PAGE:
This vast open space provides a pastoral retreat for the two housing estates of Eastfield and Lakeview, which lie on either side. The park itself is situated along Booth Lane, which joins the main Kettering and Wellingborough Roads and was one of the last parks to be developed by the former Estates department.
Eastfield Park sport facilities comprise of 2 senior football pitches and events include multi-games and community safety days.
Find Eastfield Park
Eastfield Park Management Committee
Eastfield Park Management Committee brings together key stakeholders and representatives with an interest in the park, to work in partnership to mange the park and plan for its future.
The Eastfield Park Management Plan, which includes the action plans for Eastfield Park Management Committee, can be found on the following link - Eastfield Park Management Plan .
If you would like to contact your Park Management Committee, please email [email protected]
More information about Park Management Committees in general can be found on the following link - Park Management Committees.
Brief history of Eastfield Park (December, 2012)
Eastfield Park now lies entirely within the Borough of Northampton’s Eastfield Ward but from medieval times to 1900 the land fell within the Parishes of Abington and Weston Favell. A 1671 map of the Abington Estate shows that what is now the western half of the park was then part of a large wooded enclosure known as ‘The Bushie Close’. ‘Weston Great Close’, in the parish of Weston Favell, covered what is now the eastern half of the park. By late Victorian times, these large fields had been divided into smaller ones. The presence of areas of conspicuous ridge and furrow within the park is evidence of arable farming in medieval times but in more recent times it would appear that the land was mainly used as permanent pasture.
For the first quarter of the 20th century the park was part of the grounds of Weston Favell House, built in 1900 by James Manfield (son of Sir Philip Manfield who had founded the first machine-based shoe factory in Northampton). The lake and ponds within the park are artificial features constructed at that time. The lake was originally stocked with rainbow trout and used for boating and fishing. The ponds were part of ornamental gardens that were occasionally opened to the public to raise money for Northampton General Hospital. In May 1913, when the gardens were opened without charge, the Estate employed a Head Gardener with a staff of 14 assistants.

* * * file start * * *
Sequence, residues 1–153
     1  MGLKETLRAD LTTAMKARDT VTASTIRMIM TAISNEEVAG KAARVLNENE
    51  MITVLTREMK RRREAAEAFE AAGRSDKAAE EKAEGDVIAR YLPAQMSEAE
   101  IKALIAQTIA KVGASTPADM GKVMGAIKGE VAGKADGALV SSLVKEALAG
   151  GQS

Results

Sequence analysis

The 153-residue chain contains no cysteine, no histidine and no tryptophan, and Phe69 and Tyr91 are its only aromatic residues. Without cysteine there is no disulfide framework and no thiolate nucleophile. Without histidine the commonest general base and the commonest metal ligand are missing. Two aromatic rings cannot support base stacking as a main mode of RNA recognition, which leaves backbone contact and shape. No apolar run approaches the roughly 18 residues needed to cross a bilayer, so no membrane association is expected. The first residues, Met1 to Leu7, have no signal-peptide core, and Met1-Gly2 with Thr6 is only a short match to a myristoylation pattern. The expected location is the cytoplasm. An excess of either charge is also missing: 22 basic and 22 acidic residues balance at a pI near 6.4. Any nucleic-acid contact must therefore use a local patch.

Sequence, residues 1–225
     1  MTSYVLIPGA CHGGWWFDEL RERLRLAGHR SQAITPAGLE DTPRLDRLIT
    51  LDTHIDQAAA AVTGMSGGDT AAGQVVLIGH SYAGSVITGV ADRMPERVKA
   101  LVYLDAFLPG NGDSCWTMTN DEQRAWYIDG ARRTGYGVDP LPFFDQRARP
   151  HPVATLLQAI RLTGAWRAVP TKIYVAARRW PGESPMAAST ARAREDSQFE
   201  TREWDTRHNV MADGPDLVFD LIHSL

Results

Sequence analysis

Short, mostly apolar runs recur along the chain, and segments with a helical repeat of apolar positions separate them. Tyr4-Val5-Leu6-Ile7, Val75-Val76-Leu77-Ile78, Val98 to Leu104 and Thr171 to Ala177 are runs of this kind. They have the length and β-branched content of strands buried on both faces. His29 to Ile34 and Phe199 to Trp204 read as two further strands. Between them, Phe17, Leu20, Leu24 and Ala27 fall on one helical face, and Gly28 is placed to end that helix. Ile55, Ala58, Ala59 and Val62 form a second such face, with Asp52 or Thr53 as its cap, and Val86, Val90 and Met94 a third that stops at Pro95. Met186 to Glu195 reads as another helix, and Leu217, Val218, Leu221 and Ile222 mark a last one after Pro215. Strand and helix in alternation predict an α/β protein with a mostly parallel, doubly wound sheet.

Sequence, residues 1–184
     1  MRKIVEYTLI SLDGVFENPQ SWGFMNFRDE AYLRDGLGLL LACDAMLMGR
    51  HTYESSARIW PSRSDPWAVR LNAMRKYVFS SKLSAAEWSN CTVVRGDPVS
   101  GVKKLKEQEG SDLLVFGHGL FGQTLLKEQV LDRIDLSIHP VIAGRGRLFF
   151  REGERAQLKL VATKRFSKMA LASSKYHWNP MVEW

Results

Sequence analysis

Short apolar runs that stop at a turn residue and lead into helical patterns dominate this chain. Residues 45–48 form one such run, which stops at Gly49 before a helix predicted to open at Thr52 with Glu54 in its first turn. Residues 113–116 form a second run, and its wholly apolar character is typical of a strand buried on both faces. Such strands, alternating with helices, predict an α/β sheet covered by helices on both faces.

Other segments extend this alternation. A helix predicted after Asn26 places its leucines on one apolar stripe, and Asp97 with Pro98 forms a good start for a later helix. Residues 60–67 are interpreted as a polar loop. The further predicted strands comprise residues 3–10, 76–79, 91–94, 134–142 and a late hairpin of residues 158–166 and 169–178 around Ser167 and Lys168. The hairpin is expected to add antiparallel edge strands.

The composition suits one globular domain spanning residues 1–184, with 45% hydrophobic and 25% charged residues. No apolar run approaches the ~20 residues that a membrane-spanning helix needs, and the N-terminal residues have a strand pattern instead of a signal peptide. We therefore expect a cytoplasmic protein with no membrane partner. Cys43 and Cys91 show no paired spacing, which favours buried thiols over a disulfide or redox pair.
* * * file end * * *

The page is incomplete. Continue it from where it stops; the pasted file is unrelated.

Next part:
The house and gardens were separated from the rest of the Park by a ha-ha which is still evident along part of boundary between Eastfield Park and the house. Also enclosed within the ha-ha was the Bull Ring consisting of 26 lime trees surrounding a statue of a man with a wild boar. The statue was a feature added by James Manfield and is no longer in the Park but the ring of trees is shown on 1886 Ordnance Survey maps and was described in the 1923 Weston Favell House Estate Sale Catalogue as being over 200 years old and possibly associated will bull baiting.
In 1923 the house, its grounds, and the entire Manfield holdings in the area (1500 acres) was put up for auction in 62 lots. Lot 62 included the grounds of the present Eastfield Park, Cynthia Spencer Hospice and Manfield Grange but, with some other lots, remained unsold. A second auction (of 541 acres in 30 lots) was held in 1924 but the house remained unsold. Manfield therefore donated it (with 15 acres of land) to become a hospital for crippled children. For many years the Grade 2 listed mansion served as Manfield Orthopaedic Hospital but it has now been converted into private residences known as Manfield Grange. The present park has an area of just over 21 hectares (60 acres).
During the break-up of the Manfield Estate, Major Arthur Ray (an Honorary Major in the Territorial Army and Mayor of Northampton in 1928) acquired part of the grounds of Weston Favell House including the lake, the ornamental gardens, and much of the present park. He built Eastfield House on the land in 1924 and died in 1944.
By 1950, the site was on the edge of Northampton’s rapidly expanding residential area and the land was acquired by Northampton Borough Council. Much of it had been allowed to go wild. There are reports that the boathouse was in a ruinous condition, the lily ponds were choked and the ornamental gardens overgrown.
The Eastfield Estate was built on the southern part of the land during the following years, thus giving the park more or less its current outline. In 1957, an article in the Chronicle & Echo suggested that the new Eastfield Estate had a ‘rural setting’ with a beautiful park nearby. However, local residents complained about the lack of safe facilities for children.
As time progressed, dangerous buildings were removed and some of the ponds filled in for safety reasons. Eventually, the land that had not been built on was opened to the public as the present Eastfield Park.
Historical information researched by the Friends of Eastfield Park